No place for racism in our town
Letters to the Editor.
WELL done to the staff and customers at a Woolgoolga (business), who unfortunately witnessed disgraceful racism towards a young female staff member.
The way in which staff and the store owner dealt with the situation is an example to all in how to conduct oneself with grace and humility.
The support from staff and the customers for the young female staff member showed a united front against something that unfortunately still exists in society.
What this disgusting example of a human said as he was asked in no uncertain terms to never come back was not fit for anyone's ears.
As one of the customers said, "We don't tolerate that type of behaviour here, especially in Woolgoolga."
Police use of mobile phones not illegal
MAYBE contributors to online comments should do a bit of research before making ridiculous, inaccurate accusations.
To set you straight, Road Rules 2014 - Reg 300 states the driver of a vehicle must not use a mobile phone while the vehicle is moving or is stationary but not parked, unless the vehicle is an emergency vehicle or a police vehicle.
It may surprise you to learn that police are permitted to do things that we, the general public, are not.
For example, carry a weapon, and exceed the speed limit when performing their duties.
Flying the flag for Australia Day unity
CONGRATULATIONS to the Council of Churches for organising an evening with Fr Frank Brennan with excellent interviewer Councillor Jan Strom.
In an answer to my question about the debate concerning Australia Day he said his school in Sydney in 1988 flew the Aboriginal flag on January 25 and the Australian flag on January 26. What a sensible solution.
Don't change the date but have a two-day celebration, January 25 being Indigenous Day and January 26 Australia Day.
Funding favouritism for private schools
SCOTT Morrison's announcement of a special funding deal for Catholic and Independent schools is bad news for the 70 per cent of Coffs Coast students who attend our public schools.
Mr Morrison's abandonment of the needs-based Gonski funding model is opposed by a broad spectrum of educational experts - even his State Coalition colleagues described the new plan as "unfair" and "pathetic".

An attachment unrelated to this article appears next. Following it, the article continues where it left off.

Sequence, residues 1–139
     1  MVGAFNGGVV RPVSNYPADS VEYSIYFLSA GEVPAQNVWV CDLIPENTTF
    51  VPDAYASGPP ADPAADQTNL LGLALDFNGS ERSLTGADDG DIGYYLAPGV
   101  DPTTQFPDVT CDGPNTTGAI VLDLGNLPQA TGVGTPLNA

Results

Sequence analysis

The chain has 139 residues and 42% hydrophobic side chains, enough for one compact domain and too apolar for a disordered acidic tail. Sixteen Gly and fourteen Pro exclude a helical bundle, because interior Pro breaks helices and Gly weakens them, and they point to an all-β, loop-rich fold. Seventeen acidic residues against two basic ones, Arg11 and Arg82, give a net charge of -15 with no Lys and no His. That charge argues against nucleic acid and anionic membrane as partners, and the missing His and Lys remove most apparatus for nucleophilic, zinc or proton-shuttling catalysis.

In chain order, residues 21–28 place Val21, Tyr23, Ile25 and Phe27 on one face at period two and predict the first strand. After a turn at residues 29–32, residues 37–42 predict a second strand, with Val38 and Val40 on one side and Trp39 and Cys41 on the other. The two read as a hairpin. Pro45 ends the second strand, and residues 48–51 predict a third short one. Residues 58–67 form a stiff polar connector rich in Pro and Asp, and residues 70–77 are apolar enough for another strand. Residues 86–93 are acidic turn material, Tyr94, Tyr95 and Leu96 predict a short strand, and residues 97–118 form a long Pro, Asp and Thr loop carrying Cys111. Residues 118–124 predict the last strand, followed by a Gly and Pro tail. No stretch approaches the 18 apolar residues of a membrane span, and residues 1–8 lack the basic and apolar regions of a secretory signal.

Last week's decision leaves the equity principles of the Gonski model in tatters - it will make schools serving our most advantaged families better off, and will do little to support students most likely to benefit from additional resources.
It was instructive that the report on school funding in Saturday's Advocate was followed by a nine-page advertising feature on a local private school. Our students deserve a fairer system.
NSW Primary Principals Association
Industry should be alarmed by run-off
DEAR Editor, I refer to a recent article titled Farms are "regulated heavily".
I believe there were some inaccuracies quoted in the article.
In relation to the Hearnes Lake water quality study, Mr Gurmesh Singh stated "the report indicates that the levels of nutrients in the creek are comparable to other similar catchments on the east coast of Australia".
In fact, the Hearne's Lake study reported "NOx (nitrogen oxides) loads were amongst the highest reported for catchments on the East Coast of Australia, and similar to loads in rivers throughout China, Europe and India with strong agricultural or urban influences" and the Bucca study reported "our calculated N exports are significantly higher than those reported elsewhere, though similar to expected increases related to horticultural land use".
The fact that we now know that blueberry farms are discharging extremely high nutrient loads into waterways should be ringing alarm bells within the industry as it is in the wider community.
There is a huge gap between regulation and practice.
It is clearly an offence under the Protection of the Environment Operations Act 1997 to discharge pollution into a waterway without a licence. So yes, a regulation exists and clearly it is being breached, but nutrients suspended in water are invisible to the naked eye, so for council and/or the EPA to prove a breach in a given point in time, and then prosecute, is almost impossible.
I commend the council for being the only body to fund independent research to quantify this problem. The reports are in the public domain and I encourage all interested persons to read for themselves.
The full reports can be found on the council's website.
Dr Sally Townley, Greens candidate for Cowper